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Juan Williams: The GOP is an anti-America party

I am a Democrat. Yet I have voted for Republicans. In fact, one of my sons ran for office as a Republican. My other son worked for Republicans in Congress and the Republican National Committee.

But I can’t stomach what has happened to the GOP in the last year. And I can’t understand why every American isn’t screaming about it.

How can anyone dismiss a violent attack on the U.S. Capitol as just “one day in January,” to quote former Vice President Mike Pence?

{mosads}Doesn’t it infuriate you to see so many Republicans make lying about the winner of the 2020 election a test of party loyalty?

This brings a story to mind.

Four years ago, I mentioned to the late Colin Powell, the former secretary of State, that a well-known conservative media figure had cursed at the mention of his name. The power player said Republicans made Powell rich and famous, and that he showed no loyalty by endorsing President Obama in the 2008 campaign.

Powell leaned into me and said it was “jerks like that” who caused the party to leave him.

Today, another strong conservative member of the GOP, Rep. Dan Crenshaw (Texas), offers a similar assessment. Crenshaw, speaking at a public event this month, described unnamed far-right GOP members of Congress as “grifters” and “performance artists.”

Crenshaw said the party’s commitment to public service has been replaced by media darlings who “know how to say slogans real well. They know how to recite the lines that they know our voters want to hear.”

If Crenshaw is right, the Republican Party’s problems are bigger than former President Trump. The problem is with voters willing to back Trump.

Those are people who value slogans more than the ability to govern the country.

That means ambitious GOP politicians are right to imitate Trump’s tactics of inciting outrage and demeaning anyone, including Republicans, who stand outside the cult.

It also means that Republicans are indifferent to the corruption in the Trump White House that has been detailed in numerous books.

Those books agree Trump tried to overturn the presidential election.

Those books say he bullied his own vice president and tried to intimidate Justice Department officials.

This is contemptible. Yet today’s Republican voters still tell pollsters they will support Trump for the party’s 2024 nomination.

The self-destruction of the party is evident in the GOP’s voting record in Congress.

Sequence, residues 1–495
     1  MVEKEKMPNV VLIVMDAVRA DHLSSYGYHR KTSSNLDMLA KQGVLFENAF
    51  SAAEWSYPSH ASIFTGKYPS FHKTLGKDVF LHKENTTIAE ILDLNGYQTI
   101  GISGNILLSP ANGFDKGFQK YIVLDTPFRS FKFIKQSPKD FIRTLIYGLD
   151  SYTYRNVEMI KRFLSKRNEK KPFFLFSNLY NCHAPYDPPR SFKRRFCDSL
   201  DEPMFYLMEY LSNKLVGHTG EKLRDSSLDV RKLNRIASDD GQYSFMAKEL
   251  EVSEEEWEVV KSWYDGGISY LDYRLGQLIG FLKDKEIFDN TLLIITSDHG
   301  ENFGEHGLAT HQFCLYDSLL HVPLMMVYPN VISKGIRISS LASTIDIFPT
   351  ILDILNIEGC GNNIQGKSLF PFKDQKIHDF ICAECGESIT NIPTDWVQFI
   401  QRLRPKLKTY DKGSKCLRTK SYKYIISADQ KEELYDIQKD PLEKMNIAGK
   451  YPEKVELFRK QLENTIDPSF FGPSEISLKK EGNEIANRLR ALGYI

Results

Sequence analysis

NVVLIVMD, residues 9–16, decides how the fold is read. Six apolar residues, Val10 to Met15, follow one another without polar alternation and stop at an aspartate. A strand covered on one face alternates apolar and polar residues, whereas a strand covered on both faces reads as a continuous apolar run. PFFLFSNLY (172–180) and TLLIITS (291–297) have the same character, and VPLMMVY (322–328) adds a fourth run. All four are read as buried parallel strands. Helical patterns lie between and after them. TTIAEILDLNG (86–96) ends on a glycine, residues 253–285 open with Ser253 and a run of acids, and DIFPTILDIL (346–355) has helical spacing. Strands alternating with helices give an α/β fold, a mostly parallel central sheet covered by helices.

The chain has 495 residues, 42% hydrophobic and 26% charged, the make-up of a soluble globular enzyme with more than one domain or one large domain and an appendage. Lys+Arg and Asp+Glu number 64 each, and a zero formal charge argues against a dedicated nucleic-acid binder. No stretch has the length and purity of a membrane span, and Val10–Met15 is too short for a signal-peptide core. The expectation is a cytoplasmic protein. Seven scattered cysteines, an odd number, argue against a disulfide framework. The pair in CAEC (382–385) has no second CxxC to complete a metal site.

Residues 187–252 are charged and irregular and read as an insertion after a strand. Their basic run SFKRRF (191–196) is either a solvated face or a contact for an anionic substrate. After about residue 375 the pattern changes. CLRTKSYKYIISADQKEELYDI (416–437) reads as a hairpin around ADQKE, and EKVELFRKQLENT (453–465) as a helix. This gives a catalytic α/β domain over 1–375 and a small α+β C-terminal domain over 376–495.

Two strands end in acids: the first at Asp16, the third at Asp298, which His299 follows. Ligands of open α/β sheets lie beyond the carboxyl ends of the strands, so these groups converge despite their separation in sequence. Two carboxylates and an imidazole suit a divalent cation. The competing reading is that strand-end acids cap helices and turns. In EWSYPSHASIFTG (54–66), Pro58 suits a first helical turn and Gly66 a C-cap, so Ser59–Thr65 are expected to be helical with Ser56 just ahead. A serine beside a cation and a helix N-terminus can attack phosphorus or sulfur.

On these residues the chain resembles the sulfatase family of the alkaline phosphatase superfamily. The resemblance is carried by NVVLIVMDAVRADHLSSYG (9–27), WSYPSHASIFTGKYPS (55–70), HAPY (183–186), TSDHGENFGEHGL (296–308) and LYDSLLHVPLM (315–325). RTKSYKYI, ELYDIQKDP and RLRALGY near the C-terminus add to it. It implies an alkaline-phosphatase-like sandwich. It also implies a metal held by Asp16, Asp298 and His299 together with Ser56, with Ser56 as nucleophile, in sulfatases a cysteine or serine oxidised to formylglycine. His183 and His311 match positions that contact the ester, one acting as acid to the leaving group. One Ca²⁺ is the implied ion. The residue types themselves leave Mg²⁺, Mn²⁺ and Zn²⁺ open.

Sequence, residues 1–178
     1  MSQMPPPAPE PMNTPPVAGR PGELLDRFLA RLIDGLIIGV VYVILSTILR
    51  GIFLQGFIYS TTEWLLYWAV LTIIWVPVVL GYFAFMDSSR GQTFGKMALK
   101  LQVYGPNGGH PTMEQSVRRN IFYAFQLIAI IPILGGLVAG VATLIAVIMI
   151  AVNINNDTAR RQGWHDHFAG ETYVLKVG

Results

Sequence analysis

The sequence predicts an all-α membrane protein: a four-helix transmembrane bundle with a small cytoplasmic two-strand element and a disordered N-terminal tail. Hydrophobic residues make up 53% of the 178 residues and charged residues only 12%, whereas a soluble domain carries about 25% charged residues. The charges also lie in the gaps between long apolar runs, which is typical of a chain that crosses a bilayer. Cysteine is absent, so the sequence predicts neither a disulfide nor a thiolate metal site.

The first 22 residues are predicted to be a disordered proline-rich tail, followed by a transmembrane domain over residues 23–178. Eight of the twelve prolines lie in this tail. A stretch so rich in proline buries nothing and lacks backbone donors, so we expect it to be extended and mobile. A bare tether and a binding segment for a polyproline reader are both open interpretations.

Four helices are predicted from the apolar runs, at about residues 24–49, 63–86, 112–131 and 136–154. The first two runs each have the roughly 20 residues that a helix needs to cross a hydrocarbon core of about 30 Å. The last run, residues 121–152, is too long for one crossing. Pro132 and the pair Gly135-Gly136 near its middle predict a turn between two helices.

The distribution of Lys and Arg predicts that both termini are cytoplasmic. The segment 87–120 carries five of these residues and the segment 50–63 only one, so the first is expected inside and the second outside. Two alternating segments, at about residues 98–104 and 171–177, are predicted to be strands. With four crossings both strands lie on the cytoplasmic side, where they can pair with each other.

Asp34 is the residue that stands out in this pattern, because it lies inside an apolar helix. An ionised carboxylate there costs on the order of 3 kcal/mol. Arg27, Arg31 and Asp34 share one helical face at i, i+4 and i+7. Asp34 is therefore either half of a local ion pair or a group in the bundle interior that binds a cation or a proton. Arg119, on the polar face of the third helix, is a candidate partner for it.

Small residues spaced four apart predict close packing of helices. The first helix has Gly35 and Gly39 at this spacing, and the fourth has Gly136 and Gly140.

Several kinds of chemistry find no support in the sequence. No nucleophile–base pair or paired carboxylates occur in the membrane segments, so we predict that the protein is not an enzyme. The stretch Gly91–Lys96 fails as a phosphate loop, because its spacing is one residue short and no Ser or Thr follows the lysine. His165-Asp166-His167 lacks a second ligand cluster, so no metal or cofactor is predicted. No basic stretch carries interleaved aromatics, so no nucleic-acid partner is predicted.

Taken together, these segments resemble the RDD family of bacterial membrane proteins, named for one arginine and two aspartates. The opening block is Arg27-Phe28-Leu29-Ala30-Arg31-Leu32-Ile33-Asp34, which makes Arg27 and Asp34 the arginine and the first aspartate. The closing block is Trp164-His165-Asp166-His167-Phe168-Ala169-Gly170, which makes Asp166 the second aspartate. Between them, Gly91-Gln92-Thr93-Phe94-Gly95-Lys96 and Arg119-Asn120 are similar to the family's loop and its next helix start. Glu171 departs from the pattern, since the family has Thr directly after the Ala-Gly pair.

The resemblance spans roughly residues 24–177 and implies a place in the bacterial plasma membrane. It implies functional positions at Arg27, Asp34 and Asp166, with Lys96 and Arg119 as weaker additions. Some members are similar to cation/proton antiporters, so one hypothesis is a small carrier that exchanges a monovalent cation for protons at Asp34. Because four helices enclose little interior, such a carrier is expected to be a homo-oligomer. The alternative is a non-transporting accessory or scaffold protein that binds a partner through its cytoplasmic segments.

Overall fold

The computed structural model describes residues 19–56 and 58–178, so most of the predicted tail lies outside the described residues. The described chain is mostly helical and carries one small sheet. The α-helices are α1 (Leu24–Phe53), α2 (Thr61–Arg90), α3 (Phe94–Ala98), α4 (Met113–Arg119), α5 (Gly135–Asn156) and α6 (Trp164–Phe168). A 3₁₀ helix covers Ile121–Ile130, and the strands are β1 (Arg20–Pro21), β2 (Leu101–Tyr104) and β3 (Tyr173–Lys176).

In the last year, every congressional Republican voted against a bill to help the country recover from the economic damage caused by COVID-19.

Republicans also overwhelmingly opposed an infrastructure bill favored by most Americans.

Now the GOP is opposed to President Biden’s Build Back Better bill to lower taxes for the middle class and help with child care.

Last month, Senate Minority Leader Mitch McConnell (R-Ky.) apparently shrugged off a question about a Republican agenda to help the country move forward.

A donor at a private dinner asked McConnell about what kind of platform the GOP might actually propose, according to Axios.

McConnell, Axios reported, replied by essentially dismissing the idea that the GOP should even consider doing such a thing, when it could instead make hay just by hitting Democrats.

Republicans in the Senate, led by Utah’s Mike Lee, recently threatened a government shutdown to oppose the Biden administration’s mandate that larger businesses must require their employees to either get vaccinated or have weekly COVID-19 tests.

Opposing a mandate for vaccination is legitimate. Allowing a deadly vaccine hesitancy to grow among Republicans to score political points is worthy of scorn.

That indifference to public good leads to the conclusion that the GOP wants to collapse faith in government to gain support for a coup attempt in 2024.

{mossecondads}The Atlantic recently featured the headline “January 6 was Practice.”

Barton Gellman writes this chilling synopsis:

“For more than a year now, with tacit and explicit support from their party’s national leaders, state Republican operatives have been building an apparatus of election theft. … They are driving out or stripping power from election officials who refused to go along with … the Big Lie.”

Last week, a group of academic and Democratic political strategists surveyed by The New York Times’s Thomas B. Edsall almost unanimously agreed that “the Republican Party under the leadership of Trump is a threat to democracy.”

That finding is consistent with a November letter to Congress by more than 150 scholars sounding the alarm for the future of government by and for the people.

They wrote that “this is no ordinary moment” for American democracy, but a “moment of great peril and risk,” produced by the January insurrection and efforts by Republicans nationwide to seize control of vote-counting for future elections.

Biden recently hosted the first ever White House “Summit for Democracy.”

He warned of threats to global democracy that include “voices that seek to fan the flames of societal division and political polarization.”

He had every right to include Republicans in the United States.

The time has come for every American, including the president, to stand up and act before it is too late.

Juan Williams is an author, and a political analyst for Fox News Channel.

Tags 2020 presidential election Authoritarianism Barack Obama Colin Powell Dan Crenshaw demagoguery Democracy Donald Trump jan. 6 Joe Biden Mike Lee Mike Pence Mitch McConnell Populism

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